Federal Reserve officials are increasingly optimistic they can quash inflation without causing serious economic pain.

Encouraged by signs that price pressures and the labor market are gradually cooling, Fed officials are intent on not squandering their chance at an elusive “soft landing” by raising interest rates too much, even as they remain committed to returning inflation to their 2% goal. With that in mind, policymakers are preparing to hold rates steady at their Sept. 19-20 gathering, and may lift them once more if needed this year, amid a spate of strong economic data.

The balancing act is critical to the legacy of Chair Jerome Powell: Restoring price stability after a large inflation shock without a recession would be a rare achievement in modern policymaking, and perhaps temper criticism that he reacted too late to rising prices.

“Maybe the soft landing is really possible,” said Ellen Meade, a former senior adviser to the Fed board and a research professor at Duke University.

“They don’t want to communicate their excitement because financial markets will undo all they have done,” she added.

Having been burned several times by false dawns of disinflation, policymakers are wary of declaring a premature end to their credit-tightening campaign and are likely to retain a bias toward higher rates for some time.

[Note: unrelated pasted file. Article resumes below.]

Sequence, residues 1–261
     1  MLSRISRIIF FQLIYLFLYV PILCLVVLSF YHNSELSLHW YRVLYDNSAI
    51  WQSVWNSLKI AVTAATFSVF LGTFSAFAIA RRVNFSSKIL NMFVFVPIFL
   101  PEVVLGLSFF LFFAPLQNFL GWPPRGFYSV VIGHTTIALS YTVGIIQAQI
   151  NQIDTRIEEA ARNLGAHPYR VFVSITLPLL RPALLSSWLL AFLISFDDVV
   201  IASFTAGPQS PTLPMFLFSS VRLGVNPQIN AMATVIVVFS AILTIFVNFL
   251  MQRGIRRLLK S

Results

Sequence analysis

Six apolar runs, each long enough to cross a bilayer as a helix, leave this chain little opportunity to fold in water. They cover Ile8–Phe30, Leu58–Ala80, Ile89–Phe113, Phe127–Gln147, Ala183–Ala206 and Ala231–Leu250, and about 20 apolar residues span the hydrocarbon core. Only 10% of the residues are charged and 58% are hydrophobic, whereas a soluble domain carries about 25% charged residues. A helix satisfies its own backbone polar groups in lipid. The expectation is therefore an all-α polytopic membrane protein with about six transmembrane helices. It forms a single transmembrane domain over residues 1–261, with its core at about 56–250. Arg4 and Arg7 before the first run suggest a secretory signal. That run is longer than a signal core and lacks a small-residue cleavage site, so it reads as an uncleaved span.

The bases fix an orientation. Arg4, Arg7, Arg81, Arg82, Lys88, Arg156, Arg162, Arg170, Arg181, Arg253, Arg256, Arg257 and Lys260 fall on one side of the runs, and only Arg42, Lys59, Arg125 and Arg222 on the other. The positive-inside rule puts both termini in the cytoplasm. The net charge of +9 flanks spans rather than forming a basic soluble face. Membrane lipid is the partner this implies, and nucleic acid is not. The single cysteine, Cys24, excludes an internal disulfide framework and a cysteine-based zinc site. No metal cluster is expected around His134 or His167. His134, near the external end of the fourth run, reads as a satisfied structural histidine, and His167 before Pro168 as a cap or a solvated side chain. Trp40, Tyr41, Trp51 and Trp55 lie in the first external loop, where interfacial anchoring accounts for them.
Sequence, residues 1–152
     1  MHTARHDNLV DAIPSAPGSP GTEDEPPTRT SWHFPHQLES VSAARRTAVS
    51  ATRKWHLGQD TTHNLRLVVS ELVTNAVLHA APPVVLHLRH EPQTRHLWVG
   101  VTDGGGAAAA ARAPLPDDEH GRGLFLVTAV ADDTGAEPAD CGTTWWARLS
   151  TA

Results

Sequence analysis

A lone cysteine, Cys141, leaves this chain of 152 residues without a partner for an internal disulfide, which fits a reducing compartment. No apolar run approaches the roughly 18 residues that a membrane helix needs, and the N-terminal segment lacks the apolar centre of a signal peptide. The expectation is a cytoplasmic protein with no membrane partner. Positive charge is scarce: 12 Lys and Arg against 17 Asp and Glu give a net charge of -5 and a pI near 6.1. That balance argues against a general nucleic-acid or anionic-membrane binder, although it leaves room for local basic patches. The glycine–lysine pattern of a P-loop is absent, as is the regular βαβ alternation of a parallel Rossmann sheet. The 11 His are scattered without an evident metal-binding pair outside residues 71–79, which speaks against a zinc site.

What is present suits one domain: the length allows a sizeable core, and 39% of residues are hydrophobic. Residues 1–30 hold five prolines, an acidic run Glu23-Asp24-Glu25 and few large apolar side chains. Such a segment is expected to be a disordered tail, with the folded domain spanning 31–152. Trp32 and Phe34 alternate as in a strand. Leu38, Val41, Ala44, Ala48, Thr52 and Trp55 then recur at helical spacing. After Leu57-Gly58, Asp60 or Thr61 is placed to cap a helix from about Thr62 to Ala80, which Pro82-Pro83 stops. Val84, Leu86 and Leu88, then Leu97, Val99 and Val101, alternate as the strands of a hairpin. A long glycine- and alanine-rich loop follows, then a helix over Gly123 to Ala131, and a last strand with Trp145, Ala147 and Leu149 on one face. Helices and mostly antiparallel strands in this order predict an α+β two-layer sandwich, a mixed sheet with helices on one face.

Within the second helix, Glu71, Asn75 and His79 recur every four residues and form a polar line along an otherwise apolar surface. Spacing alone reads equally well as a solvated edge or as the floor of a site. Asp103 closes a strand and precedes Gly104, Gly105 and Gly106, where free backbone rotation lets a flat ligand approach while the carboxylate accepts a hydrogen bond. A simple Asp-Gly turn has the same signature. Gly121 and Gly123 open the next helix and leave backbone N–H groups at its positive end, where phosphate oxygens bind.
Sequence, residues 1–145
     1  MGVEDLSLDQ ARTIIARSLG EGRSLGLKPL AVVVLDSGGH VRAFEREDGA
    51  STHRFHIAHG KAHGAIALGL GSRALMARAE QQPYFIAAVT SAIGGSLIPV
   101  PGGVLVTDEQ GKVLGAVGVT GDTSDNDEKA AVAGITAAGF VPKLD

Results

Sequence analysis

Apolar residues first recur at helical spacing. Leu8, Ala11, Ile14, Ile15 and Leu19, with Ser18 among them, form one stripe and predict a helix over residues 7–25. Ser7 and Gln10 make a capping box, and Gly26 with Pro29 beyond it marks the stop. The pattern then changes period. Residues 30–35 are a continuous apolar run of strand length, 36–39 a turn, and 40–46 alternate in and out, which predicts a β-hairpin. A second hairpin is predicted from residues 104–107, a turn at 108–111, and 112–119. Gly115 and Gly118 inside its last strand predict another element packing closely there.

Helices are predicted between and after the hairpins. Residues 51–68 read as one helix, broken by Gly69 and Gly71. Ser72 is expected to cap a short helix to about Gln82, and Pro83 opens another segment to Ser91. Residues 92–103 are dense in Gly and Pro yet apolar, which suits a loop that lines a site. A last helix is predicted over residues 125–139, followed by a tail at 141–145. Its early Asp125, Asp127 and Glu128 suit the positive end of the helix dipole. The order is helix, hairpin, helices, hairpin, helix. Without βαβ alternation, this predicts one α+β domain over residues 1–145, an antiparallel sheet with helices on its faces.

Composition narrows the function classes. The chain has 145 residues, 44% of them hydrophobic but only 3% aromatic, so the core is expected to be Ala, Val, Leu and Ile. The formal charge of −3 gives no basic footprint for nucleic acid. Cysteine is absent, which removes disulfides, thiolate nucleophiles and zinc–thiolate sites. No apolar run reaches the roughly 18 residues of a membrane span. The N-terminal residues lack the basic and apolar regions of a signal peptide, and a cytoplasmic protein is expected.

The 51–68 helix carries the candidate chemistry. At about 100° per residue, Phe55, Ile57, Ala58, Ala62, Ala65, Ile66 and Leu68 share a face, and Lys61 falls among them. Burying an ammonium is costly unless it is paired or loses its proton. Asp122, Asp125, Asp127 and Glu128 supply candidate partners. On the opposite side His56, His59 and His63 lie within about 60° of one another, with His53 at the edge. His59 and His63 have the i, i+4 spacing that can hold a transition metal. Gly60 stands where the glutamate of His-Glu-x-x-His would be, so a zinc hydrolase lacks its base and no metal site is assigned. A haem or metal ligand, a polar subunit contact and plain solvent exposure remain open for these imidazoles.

The policy-setting Federal Open Market Committee has raised its benchmark federal funds rate 11 times since March 2022 to a range of 5.25% to 5.5%, the highest level in 22 years. Officials including Powell have emphasized that, as they near the end of their aggressive rate-hike cycle, they’ll proceed carefully and rely on the data to determine whether further increases are needed.

That puts the burden on incoming data to convince officials to lift rates beyond the restrictive level they’ve already achieved.

“We’ve gotten monetary policy in a very good place,” New York Fed President John Williams said Thursday at an event at Bloomberg LP’s headquarters in New York.

Reports in recent weeks have offered reassurance that the inflation fever is breaking.

The Fed’s preferred measure of underlying price pressures posted the smallest back-to-back increases since late 2020, a Bureau of Economic Analysis report showed last week. The core personal consumption expenditures price index rose 0.2% in June and July, down from an average of nearly 0.4% in the first five months of the year.

A separate Labor Department report last week showed job gains for June and July were weaker than previously reported, the jobless rate climbed and wage growth slowed, further signs of the labor-market cooling that Fed officials have been looking for.

Fed Governor Christopher Waller, one of the central bank’s most outspoken advocates for tighter policy, called it “a hell of a good week of data.”

“There is nothing that is saying we need to do anything imminent anytime soon,” Waller said in an interview on CNBC Tuesday, signaling he supports keeping rates on hold at the central bank’s next meeting. “We can just sit there and wait for the data.”